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Molecular identification and characterization of endophytic bacteria from root of chamaecrista rotundifolia growing on the nigerian air force shooting range, kaduna.

Mairam Medugu Yurkusi
Joseph Appah
Karderam B Dikwa
ThankGod Ositadinma Ndibe
Asabe Danjuma
Bintu Babagana


Chamaecrista rotundifolia is one of the few plant species growing on heavy metal-contaminated Nigerian Air Force shooting range, Kaduna. This microbially unexplored plant species can have microbial association with endophytes. This study was aimed at isolating, identifying and characterizing endophytic bacteria associated with the roots of Chamaecrista rotundifolia growing on the Nigerian Air Force shooting range, Kaduna. The identification of the endophytic bacteria was done using standard biochemical methods and 16S rRNA sequencing analysis. The isolates were then screened for antibiotic resistance, plant growth promoting properties and heavy metal tolerance using standard techniques.  Varied concentrations of heavy metal salts (Pb2+, Cr3+, Ni2+ and Mn2+) were used to test the isolates for their heavy metal tolerance. Four endophytic bacteria isolated from the roots of C. rotundifolia were Aerococcus viridans, Peribacillus simplex, Staphylococcus simplex and Pseudomonas aeruginosa. Results on antibiotic sensitivity test revealed that the four isolates were resistant to most of the antibiotics. The isolates possessed plant growth promoting properties by showing positive results for Indole-3-acetic acid (IAA) production, 1-aminocyclopropane-1-carboxylic (ACC) deaminase activity and phosphate solubilizing. Results also revealed that the isolates showed some degree of tolerance to the heavy metals. The tolerance of both A. viridans and P. simplex to chromium and manganese showed significant difference (p<0.05) across all the concentration levels of the metal salts. It is therefore concluded that Chamaecrista rotundifolia growing on Nigerian Air Force shooting range, Kaduna, is associated with endophytic bacteria which could be the reason the plant species thrive in heavy metal-contaminated site.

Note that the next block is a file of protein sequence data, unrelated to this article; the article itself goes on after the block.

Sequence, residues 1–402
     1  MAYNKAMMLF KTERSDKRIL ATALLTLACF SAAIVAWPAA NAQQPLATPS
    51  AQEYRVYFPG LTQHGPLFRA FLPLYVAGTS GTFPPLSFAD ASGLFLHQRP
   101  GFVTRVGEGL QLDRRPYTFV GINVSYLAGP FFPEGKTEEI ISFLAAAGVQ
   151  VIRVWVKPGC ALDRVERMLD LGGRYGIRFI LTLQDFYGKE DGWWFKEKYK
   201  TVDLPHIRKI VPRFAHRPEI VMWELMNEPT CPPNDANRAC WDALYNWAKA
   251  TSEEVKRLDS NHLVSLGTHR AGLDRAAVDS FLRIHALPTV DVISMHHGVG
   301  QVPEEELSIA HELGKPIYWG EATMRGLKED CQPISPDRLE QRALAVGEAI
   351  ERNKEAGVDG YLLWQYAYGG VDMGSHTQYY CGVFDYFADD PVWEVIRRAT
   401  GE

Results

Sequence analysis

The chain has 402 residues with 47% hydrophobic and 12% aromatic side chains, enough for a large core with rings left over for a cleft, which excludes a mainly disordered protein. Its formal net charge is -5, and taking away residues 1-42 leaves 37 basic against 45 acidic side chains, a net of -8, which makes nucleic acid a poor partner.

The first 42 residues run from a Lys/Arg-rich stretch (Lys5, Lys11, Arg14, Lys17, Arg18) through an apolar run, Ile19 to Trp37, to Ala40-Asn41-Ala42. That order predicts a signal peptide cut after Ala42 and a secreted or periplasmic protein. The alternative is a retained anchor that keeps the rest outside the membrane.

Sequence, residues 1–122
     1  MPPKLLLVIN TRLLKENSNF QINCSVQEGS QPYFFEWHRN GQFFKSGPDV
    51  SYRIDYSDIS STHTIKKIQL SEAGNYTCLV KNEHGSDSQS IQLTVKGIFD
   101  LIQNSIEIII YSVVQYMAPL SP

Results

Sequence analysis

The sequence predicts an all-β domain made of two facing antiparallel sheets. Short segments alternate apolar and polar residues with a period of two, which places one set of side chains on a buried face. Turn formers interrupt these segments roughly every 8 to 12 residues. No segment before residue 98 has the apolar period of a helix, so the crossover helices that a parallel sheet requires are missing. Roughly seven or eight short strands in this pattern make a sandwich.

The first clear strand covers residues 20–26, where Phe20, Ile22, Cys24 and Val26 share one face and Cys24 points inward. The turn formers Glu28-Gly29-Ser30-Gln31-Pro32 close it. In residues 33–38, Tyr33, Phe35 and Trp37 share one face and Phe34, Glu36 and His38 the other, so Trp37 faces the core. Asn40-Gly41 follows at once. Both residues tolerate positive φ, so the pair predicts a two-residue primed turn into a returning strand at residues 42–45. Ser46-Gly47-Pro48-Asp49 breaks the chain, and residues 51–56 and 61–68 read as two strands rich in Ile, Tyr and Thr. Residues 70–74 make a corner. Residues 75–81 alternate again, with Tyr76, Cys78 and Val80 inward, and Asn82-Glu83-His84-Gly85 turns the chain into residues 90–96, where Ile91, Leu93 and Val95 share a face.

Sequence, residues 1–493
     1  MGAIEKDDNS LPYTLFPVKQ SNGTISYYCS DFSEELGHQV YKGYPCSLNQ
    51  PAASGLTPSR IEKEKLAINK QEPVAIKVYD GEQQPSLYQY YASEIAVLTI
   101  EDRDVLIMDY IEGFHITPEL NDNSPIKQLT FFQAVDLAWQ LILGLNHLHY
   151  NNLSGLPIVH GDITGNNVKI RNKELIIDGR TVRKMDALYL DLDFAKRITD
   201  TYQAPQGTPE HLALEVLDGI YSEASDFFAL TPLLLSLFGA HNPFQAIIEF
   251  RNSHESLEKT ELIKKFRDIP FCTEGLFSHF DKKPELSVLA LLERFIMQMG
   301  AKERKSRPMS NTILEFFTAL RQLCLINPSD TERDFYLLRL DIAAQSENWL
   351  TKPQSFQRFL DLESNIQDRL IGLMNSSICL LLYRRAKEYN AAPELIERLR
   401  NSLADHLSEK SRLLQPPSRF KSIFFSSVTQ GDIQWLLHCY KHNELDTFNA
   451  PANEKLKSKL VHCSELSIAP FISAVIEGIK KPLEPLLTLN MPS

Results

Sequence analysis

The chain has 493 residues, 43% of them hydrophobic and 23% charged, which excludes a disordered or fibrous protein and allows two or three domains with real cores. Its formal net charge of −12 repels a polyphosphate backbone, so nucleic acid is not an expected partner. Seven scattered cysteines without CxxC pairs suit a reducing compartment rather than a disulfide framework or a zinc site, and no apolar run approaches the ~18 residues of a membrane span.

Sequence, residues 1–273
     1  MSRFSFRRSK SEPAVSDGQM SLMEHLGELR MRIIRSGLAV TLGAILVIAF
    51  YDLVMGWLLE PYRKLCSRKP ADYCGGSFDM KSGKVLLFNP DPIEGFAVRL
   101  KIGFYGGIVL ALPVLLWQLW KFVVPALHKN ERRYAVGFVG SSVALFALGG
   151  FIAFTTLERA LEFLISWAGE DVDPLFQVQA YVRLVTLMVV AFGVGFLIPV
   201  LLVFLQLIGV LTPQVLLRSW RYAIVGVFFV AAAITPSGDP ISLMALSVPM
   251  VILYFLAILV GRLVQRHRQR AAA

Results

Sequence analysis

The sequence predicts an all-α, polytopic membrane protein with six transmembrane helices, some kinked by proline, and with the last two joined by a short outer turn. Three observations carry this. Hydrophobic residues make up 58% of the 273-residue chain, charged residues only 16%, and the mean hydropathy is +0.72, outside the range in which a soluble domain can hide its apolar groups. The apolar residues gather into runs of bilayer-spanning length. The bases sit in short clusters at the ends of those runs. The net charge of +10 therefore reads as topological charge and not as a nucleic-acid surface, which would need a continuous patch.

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eISSN: 2992-4464
print ISSN: 1118-0579